Ex Deo – The Immortal Wars

Rating: 4/5
Distributor/label: Napalm Records
Distributor/label URL: https://shop.napalmrecords.com/
Released: 2017
Buy Album: https://shop.napalmrecords.com/ex-deo-the-immortal-wars-canvas-editon.html
Band Website: https://www.facebook.com/exdeo


Band line-up:

Maurizio Iacono – Vocals
Stéphane Barbe – Lead guitar
Jean-Francois Dagenais – Rhythm guitar
François Mongrain – Bass guitar
Jonathan Leduc – Keyboards
Oli Beaudoin – Drums


1. The Rise of Hannibal
2. Hispania (Siege of Saguntum)
3. Crossing of the Alps
4. Suavetaurilia (Intermezzo)
5. Cato Major – Carthago Delenda Est!
6. Ad Victoriam (The Battle of Zama)
7. The Spoils of War
8. The Roman


And so we have the next chapter in Ex Deo’s grand death metal recounting of ancient history, now moving on to the life of mighty Hannibal. No, not Anthony Hopkins – Hannibal, the ancient world general.

“The Immortal Wars” maintains the band’s style of symphonic grandeur supporting death metal brutality, and though the death metal side might be this time a smidgen more melodic, it’s certainly not lacking in vicious crunch. “Epic” and “brutal” are certainly a fine couple of words for the ancient history the band focuses on. “Feel the might of Carthage!” cries the opening track, and we surely do.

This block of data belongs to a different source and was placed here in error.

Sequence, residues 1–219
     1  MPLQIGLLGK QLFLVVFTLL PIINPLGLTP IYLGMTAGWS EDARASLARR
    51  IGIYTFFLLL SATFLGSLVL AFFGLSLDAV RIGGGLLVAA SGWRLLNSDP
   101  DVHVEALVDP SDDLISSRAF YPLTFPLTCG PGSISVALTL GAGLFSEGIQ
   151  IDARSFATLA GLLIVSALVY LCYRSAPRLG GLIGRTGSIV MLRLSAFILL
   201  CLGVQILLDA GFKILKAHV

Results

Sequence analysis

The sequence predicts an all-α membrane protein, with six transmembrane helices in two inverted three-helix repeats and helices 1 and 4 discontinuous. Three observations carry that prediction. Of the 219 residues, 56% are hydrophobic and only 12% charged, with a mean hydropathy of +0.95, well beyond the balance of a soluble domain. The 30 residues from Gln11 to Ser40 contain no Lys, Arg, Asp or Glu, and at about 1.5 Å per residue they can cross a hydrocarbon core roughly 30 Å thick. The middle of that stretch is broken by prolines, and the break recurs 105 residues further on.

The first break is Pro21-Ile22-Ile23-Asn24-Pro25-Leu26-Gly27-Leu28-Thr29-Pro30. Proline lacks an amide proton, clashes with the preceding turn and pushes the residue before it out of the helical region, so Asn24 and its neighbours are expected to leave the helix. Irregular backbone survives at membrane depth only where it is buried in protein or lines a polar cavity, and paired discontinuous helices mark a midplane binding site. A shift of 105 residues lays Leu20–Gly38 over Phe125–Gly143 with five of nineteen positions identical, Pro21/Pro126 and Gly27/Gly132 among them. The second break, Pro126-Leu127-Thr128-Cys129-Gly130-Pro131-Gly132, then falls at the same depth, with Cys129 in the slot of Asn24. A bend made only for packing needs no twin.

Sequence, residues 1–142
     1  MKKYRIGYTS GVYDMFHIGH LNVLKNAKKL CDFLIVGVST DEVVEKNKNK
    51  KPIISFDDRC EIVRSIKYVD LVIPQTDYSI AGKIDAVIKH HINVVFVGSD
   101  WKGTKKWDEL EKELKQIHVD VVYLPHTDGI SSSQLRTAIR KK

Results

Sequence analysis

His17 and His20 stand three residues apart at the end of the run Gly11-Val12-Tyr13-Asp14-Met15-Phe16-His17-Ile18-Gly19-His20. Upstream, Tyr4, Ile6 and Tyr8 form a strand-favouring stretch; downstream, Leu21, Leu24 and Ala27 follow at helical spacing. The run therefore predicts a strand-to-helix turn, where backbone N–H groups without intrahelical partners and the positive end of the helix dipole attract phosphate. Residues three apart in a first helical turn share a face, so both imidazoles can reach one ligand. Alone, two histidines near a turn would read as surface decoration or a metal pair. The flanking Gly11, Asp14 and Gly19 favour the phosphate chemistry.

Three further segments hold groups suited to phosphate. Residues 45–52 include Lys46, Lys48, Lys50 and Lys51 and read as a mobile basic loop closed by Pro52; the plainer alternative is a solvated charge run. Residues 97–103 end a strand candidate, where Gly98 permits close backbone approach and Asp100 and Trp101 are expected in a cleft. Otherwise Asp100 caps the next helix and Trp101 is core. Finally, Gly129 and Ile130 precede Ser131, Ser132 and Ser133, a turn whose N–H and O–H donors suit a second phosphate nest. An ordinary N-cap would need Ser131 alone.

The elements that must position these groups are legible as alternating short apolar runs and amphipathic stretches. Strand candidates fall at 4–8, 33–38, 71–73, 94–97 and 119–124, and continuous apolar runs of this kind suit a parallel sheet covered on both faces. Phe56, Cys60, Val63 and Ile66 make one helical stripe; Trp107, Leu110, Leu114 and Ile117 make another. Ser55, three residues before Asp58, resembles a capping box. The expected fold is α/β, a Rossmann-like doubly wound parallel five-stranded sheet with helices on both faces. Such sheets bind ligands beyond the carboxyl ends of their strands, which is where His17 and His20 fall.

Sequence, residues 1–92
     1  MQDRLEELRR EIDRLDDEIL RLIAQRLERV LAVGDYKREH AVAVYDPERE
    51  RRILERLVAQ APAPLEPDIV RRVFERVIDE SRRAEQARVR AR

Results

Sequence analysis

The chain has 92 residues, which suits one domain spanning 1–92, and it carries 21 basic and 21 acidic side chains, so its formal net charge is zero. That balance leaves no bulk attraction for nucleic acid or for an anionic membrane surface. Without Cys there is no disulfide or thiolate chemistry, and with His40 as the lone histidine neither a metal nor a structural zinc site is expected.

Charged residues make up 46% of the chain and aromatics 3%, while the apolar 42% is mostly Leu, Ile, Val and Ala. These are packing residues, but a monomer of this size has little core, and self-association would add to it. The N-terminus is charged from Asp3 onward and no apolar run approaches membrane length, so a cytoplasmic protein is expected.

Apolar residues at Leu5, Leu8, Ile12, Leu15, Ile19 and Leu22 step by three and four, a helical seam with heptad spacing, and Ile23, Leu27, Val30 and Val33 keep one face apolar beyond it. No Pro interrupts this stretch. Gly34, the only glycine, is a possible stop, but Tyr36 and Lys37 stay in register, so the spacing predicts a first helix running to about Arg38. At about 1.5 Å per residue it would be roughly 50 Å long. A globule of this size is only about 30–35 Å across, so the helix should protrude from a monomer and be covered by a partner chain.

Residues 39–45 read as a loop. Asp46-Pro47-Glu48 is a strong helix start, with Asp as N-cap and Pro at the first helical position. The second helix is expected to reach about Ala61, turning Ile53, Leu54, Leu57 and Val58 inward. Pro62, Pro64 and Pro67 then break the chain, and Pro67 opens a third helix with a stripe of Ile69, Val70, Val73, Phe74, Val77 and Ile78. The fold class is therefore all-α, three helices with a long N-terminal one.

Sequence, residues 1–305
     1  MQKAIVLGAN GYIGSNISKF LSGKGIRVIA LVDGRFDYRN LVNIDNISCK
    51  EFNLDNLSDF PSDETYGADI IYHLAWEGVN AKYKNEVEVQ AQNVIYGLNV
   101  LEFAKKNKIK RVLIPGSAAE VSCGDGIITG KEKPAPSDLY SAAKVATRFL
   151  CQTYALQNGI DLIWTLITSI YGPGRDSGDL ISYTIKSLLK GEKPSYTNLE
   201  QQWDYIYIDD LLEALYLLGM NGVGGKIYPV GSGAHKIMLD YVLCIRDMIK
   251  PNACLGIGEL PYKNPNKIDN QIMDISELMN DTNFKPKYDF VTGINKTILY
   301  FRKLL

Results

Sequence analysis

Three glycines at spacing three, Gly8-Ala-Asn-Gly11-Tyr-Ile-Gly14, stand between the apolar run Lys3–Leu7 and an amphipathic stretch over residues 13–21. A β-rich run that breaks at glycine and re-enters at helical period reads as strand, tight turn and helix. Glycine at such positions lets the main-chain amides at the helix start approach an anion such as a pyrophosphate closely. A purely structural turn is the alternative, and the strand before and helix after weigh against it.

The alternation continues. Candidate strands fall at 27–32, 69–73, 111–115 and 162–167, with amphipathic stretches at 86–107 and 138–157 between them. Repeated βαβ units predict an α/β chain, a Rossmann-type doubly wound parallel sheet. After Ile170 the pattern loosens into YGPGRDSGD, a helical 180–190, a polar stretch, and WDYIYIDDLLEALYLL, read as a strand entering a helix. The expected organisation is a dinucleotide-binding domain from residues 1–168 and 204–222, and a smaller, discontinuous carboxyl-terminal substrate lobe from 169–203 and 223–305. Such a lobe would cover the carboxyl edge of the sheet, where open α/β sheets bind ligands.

Like Septicflesh, Ex Deo’s strength is in how well they put together the two primary elements of the music, with symphonic and death metal sides complimenting one another beautifully. “The Spoils of War” and “Rise of Hannibal” are perfect exemplars of this craft. The symphonies weave and swirl around the harsh parts, they put power behind every blow the music lands and leave its sword dripping with blood. In “Crossing of the Alps” we can picture the massive undertaking right there, in “Ad Victoriam (The Battle of Zama)” the steady, almost doom-ish feel of the song paints the picture of the defeat that would mark the decline of Hannibal as a general. Everything works to construct a vista of Hannibal’s life, all contributing to the story as it goes.

This record doesn’t break the mould the band have set out for themselves, but this is another solid chapter, and being only the third album in their career, I feel there’s plenty more fuel left here, especially with such a wealthy topic as ancient world history. Those looking for something to break boundaries and soar to new heights might find this album to be playing it a bit safe, but I think it’s more that the band have found their niche and are using it to great effect.

Review by Kieron Hayes